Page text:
tion. The law of refraction, after unsuccessful efforts by Kepler and others,
was finally discovered by Snellius (about 1621) and published by Descartes.
Still later came Fermat (1601-1665) who took up the thread ofideas started
by Heron.
The light, proceeding from an object A under water to an eye B above the
water describes a broken line with an angular point on the surface that separ-
ates the air from the water; see fig 9.8. The straight line is, however, the
shortest path between A and B, and so the light, in its transition from one
medium into another, fails to obey Heron's principle. This is disappointing;
we do not like to admit that a simple rule that holds good in two cases (direct
propagation and reflection) fails in a third case (refraction). Fermat hit
upon an expedient. He was familiar with the idea that the light takes time
to travel from one point to another, that it travels with a certain (finite)
speed; in fact, Galileo proposed a method for measuring the velocity of
light. Perhaps the light that travels with a certain velocity through the air
travels with another velocity through the water; such a difference in velocity
could explajn,/, perhaps, the phenomenon of refraction. As long as it
travels at constant speed, the light, in choosing the shortest course, chooses also
the fastest course. If the velocity depends on the medium traversed, the
shortest course is no more necessarily the fastest. Perhaps the light chooses
always the fastest course, also in proceeding from the water into the air.
This train of ideas leads to a clear problem of minimum (see fig. 9.8):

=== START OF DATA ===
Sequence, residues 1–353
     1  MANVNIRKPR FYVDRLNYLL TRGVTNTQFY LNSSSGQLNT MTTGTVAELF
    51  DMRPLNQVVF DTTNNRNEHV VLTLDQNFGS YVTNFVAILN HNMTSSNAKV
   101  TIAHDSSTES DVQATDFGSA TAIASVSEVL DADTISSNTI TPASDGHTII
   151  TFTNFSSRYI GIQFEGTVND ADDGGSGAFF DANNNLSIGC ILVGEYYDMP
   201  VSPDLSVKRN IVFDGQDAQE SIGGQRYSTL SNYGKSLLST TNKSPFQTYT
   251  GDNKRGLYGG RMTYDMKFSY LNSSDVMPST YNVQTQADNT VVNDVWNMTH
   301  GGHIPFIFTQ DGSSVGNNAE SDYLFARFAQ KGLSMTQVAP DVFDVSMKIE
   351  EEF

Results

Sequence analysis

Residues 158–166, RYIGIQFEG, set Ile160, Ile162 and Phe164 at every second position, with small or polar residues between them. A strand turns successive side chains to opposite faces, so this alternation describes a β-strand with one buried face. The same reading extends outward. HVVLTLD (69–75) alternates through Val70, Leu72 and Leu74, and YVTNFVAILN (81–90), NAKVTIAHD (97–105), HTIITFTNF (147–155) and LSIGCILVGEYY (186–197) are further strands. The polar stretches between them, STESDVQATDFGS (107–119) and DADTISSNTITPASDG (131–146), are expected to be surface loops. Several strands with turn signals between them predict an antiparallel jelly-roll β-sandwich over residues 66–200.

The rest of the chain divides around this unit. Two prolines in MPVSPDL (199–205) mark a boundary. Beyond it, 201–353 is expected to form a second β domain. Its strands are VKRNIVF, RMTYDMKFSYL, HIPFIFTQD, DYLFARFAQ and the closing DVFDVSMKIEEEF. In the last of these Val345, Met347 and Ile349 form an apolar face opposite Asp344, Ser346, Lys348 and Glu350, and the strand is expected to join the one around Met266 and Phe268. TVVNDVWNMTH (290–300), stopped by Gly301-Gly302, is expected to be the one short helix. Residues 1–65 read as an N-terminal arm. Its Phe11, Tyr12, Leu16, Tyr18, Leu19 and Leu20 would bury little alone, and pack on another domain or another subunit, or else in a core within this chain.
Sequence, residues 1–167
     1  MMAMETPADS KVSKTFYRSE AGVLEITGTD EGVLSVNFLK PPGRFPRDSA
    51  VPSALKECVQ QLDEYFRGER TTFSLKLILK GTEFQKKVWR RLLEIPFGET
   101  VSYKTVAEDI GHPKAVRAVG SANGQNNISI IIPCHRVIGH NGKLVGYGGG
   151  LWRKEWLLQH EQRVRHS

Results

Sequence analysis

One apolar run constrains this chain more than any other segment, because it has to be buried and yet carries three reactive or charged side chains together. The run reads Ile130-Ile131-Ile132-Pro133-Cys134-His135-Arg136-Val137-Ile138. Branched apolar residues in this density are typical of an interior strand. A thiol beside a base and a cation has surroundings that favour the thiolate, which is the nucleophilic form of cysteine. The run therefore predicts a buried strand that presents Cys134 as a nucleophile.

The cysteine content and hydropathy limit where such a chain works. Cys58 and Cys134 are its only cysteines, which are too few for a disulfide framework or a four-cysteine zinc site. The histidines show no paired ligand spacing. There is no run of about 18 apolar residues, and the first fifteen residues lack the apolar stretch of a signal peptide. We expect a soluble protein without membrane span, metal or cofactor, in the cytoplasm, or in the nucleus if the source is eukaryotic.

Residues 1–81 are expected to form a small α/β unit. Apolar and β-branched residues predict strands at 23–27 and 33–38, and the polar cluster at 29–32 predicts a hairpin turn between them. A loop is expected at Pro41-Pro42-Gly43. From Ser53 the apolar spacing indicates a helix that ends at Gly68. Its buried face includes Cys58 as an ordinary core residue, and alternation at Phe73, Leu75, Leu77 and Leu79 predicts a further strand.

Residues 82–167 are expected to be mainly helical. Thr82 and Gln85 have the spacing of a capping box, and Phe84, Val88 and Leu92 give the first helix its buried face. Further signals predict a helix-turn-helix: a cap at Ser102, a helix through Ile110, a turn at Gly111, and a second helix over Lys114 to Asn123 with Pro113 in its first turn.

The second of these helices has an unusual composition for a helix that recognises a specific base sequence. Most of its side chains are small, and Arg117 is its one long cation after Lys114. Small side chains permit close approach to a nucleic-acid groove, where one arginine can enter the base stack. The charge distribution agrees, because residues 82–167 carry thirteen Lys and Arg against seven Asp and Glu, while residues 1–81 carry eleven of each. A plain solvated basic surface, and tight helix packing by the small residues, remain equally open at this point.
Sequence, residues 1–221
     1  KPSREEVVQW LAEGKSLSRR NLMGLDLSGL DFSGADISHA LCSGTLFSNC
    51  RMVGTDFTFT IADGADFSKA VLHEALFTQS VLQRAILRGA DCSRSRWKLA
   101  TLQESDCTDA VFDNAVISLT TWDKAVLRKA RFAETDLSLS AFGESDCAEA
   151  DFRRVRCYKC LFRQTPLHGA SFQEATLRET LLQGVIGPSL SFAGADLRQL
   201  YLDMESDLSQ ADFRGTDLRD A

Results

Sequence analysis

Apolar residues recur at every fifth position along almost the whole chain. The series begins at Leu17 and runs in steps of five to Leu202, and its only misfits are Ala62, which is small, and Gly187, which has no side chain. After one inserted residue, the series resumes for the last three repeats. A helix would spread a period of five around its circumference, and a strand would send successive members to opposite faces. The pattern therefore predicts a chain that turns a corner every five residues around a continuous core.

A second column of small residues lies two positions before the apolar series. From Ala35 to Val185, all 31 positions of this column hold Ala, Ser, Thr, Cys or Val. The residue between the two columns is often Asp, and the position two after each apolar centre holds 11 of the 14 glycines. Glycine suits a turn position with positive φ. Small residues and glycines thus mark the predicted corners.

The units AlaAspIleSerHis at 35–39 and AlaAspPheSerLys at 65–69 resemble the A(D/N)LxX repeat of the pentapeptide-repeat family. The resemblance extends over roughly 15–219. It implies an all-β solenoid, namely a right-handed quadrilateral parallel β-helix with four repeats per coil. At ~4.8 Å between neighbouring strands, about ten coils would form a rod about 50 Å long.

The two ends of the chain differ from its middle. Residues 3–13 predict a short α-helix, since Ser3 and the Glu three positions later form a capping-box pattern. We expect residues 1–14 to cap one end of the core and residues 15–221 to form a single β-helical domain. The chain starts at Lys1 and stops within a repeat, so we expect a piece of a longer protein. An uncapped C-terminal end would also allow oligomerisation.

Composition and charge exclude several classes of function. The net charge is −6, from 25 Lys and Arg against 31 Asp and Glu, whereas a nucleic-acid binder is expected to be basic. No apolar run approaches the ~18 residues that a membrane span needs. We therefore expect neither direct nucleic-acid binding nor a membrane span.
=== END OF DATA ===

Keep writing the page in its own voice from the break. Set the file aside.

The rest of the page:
Given two points A and B, a straight line l separating A from B, and two velocities
u and v, .find the minimum time needed in travelling from A to B; you are supposed to
travel from A to l with the velocity u, and from l to B with the velocity v.
Obviously, it is the quickest to follow a straight line from A to a certain
point X on l, and some other straight line from X to B. The problem consists
essentially in finding the point X. Now, in uniform motion time equals
distance divided by speed. Therefore, the time spent in travelling from A
to X and hence to B is
u v

This quantity should be made a minimum by the suitable choice of the

point X on l. We have to find X, being given A, B, u, v, and l.
To solve this problem without differential calculus is not too easy.
Fermat solved it by inventing a method that eventually led to the differential
calculus. We rather follow the lead given by the examples of the
foregoing section. With a little luck, we can succeed in imagining a

mechanism that solves for us the proposed problem of minimum;

see fig. 9.9.
A ring X can slide along a fixed horizontal rod l that passes through it.
Two strings XAP and XBQ_are attached to the ring X. Each of these strings
passes over a pulley (at A and at B, respectively) and carries a weight at
its other end (at P and at Q_, respectively). The main point is to choose the